short on courage and social feeling. Adlerians believe that discour-
agement (or lack of courage), more or less, provides safeguards
for our fctive self-esteem that only seeks to reach a hidden goal
of perfection. Te creative power enables individuals to escape
life’s demands by the manifested symptoms, excuses, aggres-
sion, distance seeking, anxiety, or exclusion tendency (Adler,
1956). Dreikurs observed four goals in discouraged children and
their behaviors: attention seeking, power contest, hurting back as
hurt is perceived, and withdrawal from tasks where failures are
expected.
Adler (as quoted in Stein & Edwards, n.d.) stated:
All symptoms of neuroses and psychoses are forms of expression
of discouragement. Every improvement comes about solely from
encouraging the suferer. Every physician and every school of neu-
rology is efective only to the extent that they succeed in giving
encouragement. Occasionally, a layman can succeed in this also. It is
practiced deliberately only by Individual Psychology.
8. Based on note 3, pp. 77–79. Questions of work and the frst ques-
tion of “to be” were by Losoncy (2004); second question on “to
be” was by Palmer (1999); and questions on spiritual belonging
was by W. R. Miller (1999, p. 189).
9. Lingg and Wilborn (1992, p. 65).
10. Milliren, Evans, and Newbauer (2006, p. 116). Similarly, Carns
and Carns (1998) reviewed the literature on encouragement and
found that encouragement can be defned as a set of skills, a con-
dition of becoming, and a process of facilitating an outcome. Te
defnition of encouragement is challenging because it is, “partially
what one does and partially what one does not do” (Azoulay as
quoted in Cheston, 2000, p. 298). To Carlson, Watts, and Maniacci
(2006) encouragement is both an attitude and a way of being with
others that is also part of our lifestyle development.
11. Dinkmeyer and Losoncy in Cheston (2000). Eckstein (2006), in
his discussion of encouragement, stated, “Many philosophers and
psychologists contend that there are only two basic human emo-
tions: love and fear. Encouragement communicates caring and
movement toward others (love); conversely, discouragement ofen
results in lowered self-esteem and alienation from others (fear).”
Eckstein’s approach of relating encouragement to the “quiet
power” and the Rogerian “actualizing tendency” suggests the
possibility that encouragement is conceptually connected to the
existential concept of the will to power, and the Taoist “feminine”
236  •  Notes
(yin) side of courage. Tought of encouragement as “the ability to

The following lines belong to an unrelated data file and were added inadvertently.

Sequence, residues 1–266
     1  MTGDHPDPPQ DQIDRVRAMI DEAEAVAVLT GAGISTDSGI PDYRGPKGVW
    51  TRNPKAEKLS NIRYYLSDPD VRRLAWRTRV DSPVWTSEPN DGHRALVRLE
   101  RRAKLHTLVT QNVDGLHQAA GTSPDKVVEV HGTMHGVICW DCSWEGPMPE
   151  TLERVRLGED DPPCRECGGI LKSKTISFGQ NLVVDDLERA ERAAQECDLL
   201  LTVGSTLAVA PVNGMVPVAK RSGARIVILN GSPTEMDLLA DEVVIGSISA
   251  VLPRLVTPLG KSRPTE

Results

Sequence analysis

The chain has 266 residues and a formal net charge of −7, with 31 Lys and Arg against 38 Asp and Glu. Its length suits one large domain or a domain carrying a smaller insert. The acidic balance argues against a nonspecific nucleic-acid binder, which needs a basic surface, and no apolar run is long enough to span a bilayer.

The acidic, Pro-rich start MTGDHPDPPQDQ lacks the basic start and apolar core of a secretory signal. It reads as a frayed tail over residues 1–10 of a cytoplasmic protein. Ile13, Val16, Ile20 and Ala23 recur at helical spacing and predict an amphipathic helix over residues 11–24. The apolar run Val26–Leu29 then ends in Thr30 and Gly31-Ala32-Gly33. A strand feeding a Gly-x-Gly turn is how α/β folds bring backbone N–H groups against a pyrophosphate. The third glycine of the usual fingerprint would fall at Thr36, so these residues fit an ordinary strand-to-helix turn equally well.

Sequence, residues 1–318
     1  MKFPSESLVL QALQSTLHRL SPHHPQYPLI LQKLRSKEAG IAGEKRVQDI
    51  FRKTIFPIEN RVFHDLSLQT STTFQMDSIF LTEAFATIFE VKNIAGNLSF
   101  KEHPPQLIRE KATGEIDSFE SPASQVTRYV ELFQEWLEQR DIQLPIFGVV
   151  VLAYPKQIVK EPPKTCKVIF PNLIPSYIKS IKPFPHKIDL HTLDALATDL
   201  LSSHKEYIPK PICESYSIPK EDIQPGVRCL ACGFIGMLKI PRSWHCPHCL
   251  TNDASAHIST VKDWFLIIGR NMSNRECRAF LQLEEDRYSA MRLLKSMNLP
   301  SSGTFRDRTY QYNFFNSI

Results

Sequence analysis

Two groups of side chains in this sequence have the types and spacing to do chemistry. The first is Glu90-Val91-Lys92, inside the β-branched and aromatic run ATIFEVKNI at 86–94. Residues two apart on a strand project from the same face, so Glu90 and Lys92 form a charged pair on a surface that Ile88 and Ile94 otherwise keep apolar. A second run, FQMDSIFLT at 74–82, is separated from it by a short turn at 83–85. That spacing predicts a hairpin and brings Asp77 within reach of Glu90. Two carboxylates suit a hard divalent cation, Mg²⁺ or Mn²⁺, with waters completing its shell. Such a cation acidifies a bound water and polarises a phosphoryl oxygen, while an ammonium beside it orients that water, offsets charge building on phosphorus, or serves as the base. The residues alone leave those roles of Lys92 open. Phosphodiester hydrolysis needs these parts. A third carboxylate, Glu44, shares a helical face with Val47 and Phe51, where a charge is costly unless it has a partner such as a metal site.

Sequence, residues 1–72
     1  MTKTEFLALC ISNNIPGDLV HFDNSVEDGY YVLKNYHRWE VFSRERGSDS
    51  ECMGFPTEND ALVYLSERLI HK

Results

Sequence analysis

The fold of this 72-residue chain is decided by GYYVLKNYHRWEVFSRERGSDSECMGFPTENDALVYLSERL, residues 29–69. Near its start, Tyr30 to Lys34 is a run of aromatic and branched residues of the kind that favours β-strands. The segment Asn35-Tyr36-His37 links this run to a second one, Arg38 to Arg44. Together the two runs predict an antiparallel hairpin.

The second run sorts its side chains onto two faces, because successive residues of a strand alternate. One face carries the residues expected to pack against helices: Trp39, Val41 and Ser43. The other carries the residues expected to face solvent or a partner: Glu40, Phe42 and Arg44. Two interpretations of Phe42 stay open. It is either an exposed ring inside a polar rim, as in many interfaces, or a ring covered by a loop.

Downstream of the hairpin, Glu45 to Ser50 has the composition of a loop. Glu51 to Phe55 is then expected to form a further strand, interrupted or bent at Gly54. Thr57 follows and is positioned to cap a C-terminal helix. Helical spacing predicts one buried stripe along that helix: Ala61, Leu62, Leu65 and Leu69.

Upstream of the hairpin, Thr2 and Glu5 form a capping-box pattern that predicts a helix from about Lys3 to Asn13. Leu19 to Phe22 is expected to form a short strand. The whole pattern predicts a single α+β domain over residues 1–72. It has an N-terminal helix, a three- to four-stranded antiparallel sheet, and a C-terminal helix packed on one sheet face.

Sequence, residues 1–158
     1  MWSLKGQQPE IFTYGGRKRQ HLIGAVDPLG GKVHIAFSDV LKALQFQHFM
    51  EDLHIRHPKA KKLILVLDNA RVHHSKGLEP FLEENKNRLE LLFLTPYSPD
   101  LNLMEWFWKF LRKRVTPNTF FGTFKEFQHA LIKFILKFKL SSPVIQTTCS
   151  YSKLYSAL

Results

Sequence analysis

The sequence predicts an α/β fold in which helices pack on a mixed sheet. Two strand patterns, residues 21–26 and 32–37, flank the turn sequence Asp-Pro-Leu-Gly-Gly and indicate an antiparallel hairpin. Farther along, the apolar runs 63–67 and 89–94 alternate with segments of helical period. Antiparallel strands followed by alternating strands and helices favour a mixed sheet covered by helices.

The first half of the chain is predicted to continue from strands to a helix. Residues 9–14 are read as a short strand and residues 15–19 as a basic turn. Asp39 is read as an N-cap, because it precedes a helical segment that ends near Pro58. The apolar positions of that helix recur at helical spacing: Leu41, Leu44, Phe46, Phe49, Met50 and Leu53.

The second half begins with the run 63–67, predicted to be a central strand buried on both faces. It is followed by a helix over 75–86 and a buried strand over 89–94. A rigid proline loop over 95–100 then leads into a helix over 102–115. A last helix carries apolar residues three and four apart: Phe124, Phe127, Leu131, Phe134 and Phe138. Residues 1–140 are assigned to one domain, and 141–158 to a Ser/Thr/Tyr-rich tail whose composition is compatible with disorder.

perceive a spark of divinity in others and then to act as a mirror
that refects that goodness to them “provides a spiritual connota-
tion of courage being a virtue that, when realized, mutually cul-
tivates other virtues or characteristics in relationships.” Also see
Dinkmeyer and Eckstein (1996).
12. Te presentation of socially useful and socially useless attitudes
in the form of conceptual oppositional pairs are apparent in
Adlerian literature such as Adler (1927/1992) and Beecher and
Beecher (1966).
13. See note 3.
14. See note 10.
15. Miller (2000). See discussions in Chapter 9 about agape love as
the common denominator of social interest and humanistic con-
ditions of change.
16. See note 3, pp. 69 and 71.
17. See note 3 for the assessment of life tasks, early recollection, and
family constellation. Also see Adler (1931/2003) about dreams.
18. Adler (1956, p. 329) indicated that only by guessing can we see the
individual’s movement as the individual is not aware of how he or
she sees or resolve problems and overcome of difculties. Adler
also referred to this “guessing” of intuition as a gif of an artist:
Each individual always manifests himself as unique, be it thinking,
speaking, or acting. We are always dealing with individual nuances
and variations. It is partly due to the abstractness and limitations of
language that the speaker, reader, and listener must have discovered
the realm between the words in order to gain a true understanding of
and the proper contact with the partner. (p. 194)
19. Prochaska and DiClemente (1982).
20. For comprehensive account of Adlerian techniques in counseling
and psychotherapy, see Carlson and Slavik (1997).
21. Te B = {S → R} and B = {S → YOU → R} formula are based on
Losoncy, L. E. (2004).
22. Excerpted from Dreikurs, R., Grunwald, B. B., & Pepper, F. C.
(1982). Maintaining sanity in the classroom (2nd ed., pp. 30–31).
New York: Harper & Row.